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Sell the Payment when you sell your product or service.

Faye Whiffen27 January 2012

Sell the Payment when you sell your product or service.

By Mike Howard & Faye Whiffin

Effective Credit Management Pty Ltd

 

Many small to medium businesses believe that in order to make a sale, credit must be given.  This is particularly true of tradespeople and delivery or in-home services. However, with some thought and the effective use of a myriad of financial tools available to achieve immediate payment, to simply offer credit is not necessary.

 

Today, there are really no excuses for customers not paying for goods or services when they receive them, as in-store and mobile eftpos machines are readily available and widely used.  A business that deals with a large number of (mainly) consumer style customers and does not have one of these essential items is, quite frankly, behind the times.  It is also relatively easy to take credit card payments over the phone prior to any goods or services being given.

 

The main obstacle to the use of these payment tools by many small business operators, is not how their customer thinks but how they themselves approach the matter.

 

When Mrs Jones calls for the plumber to come out and repair the blocked drain, whoever takes the call could say something like “Yes Mrs Jones we can be there on Tuesday at 10am, will that be convenient?  By the way, our minimum charge will be $xxxx plus any parts and additional labour.  How would you like to pay, will you have a credit card ready on site or would you prefer to pay in cash?”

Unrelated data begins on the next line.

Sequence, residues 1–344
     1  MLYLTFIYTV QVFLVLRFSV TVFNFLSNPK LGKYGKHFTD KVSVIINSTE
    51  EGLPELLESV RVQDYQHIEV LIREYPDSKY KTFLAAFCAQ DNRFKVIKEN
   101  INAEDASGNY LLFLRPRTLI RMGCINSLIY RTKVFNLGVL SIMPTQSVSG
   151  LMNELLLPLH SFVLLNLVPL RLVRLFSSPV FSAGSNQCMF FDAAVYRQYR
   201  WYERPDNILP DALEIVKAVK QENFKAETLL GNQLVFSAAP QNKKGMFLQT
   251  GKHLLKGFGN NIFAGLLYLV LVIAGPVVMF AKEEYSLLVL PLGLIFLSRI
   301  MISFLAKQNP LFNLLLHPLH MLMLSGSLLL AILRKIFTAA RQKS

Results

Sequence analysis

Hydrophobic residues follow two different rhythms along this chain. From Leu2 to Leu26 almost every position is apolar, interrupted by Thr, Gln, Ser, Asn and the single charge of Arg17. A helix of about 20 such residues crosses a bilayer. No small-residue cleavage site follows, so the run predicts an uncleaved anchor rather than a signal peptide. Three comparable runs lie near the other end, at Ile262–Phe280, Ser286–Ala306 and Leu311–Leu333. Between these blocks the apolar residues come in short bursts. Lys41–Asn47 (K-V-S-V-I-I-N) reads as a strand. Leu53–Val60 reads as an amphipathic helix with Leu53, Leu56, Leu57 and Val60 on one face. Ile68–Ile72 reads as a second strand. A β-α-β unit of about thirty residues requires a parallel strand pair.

At this point Mrs Jones has the option to query the price or ask for an estimate or a maximum price if possible and does not have any excuse for querying the bill later.  It also puts Mrs Jones on notice that payment is expected at the time that the service is performed.  If Mrs Jones asks for an invoice to be sent to her and pay later she is actually asking for credit to be extended and this should be discouraged.  If a customer cannot pay on the spot for a service performed, in particular in the domestic environment, the chances that they will not pay later (without dispute) become higher.  If the supplier elects to give Mrs Jones credit then the supplier should respond to Mrs Jones along the lines of “We will be happy to issue you with an invoice Mrs Jones if you complete our application for credit and that application is approved.  As this process can take a little longer that the cash option we will have to postpone our visit to you until Thursday”.

 

Consumer credit is an area which should be avoided by all but the experts such as banks and finance companies.  It is not a space that small business operators engage in.  Even extending credit to other businesses (B2B) should be avoided unless the credit application is completed and credit checks are completed and approved.

 

By adopting the “pay at the time goods or services are given” approach the business will see an immediate increase in cash flow and a significant decrease in administration time taken to send invoices and then follow up for payment.  Bad Debts and subsequent write offs will also decrease significantly.  It is all in the way that the small business operator looks at his/her money.  If a customer goes into Woolworths to buy groceries they expect to pay for them at the checkout.  Woolworths money is no more valuable than any other business’s  money.  If a business respects its own money then the customer will too.

 

For further information please contact Mike Howard or Faye Whiffin.

 

www.ecmoz.biz 

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